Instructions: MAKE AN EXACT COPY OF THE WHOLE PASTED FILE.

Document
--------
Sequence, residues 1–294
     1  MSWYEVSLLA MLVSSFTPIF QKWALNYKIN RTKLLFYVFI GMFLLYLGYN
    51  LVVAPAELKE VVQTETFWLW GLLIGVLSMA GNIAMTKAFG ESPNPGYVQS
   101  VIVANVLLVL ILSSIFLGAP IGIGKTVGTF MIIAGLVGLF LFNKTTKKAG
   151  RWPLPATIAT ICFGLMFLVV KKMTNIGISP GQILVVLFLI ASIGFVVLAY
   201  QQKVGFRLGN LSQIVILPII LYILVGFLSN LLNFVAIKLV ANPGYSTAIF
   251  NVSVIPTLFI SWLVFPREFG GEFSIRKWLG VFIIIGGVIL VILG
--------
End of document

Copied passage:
Sequence, residues 1–294
     1  MSWYEVSLLA MLVSSFTPIF QKWALNYKIN RTKLLFYVFI GMFLLYLGYN
    51  LVVAPAELKE VVQTETFWLW GLLIGVLSMA GNIAMTKAFG ESPNPGYVQS
   101  VIVANVLLVL ILSSIFLGAP IGIGKTVGTF MIIAGLVGLF LFNKTTKKAG
   151  RWPLPATIAT ICFGLMFLVV KKMTNIGISP GQILVVLFLI ASIGFVVLAY
   201  QQKVGFRLGN LSQIVILPII LYILVGFLSN LLNFVAIKLV ANPGYSTAIF
   251  NVSVIPTLFI SWLVFPREFG GEFSIRKWLG VFIIIGGVIL VILG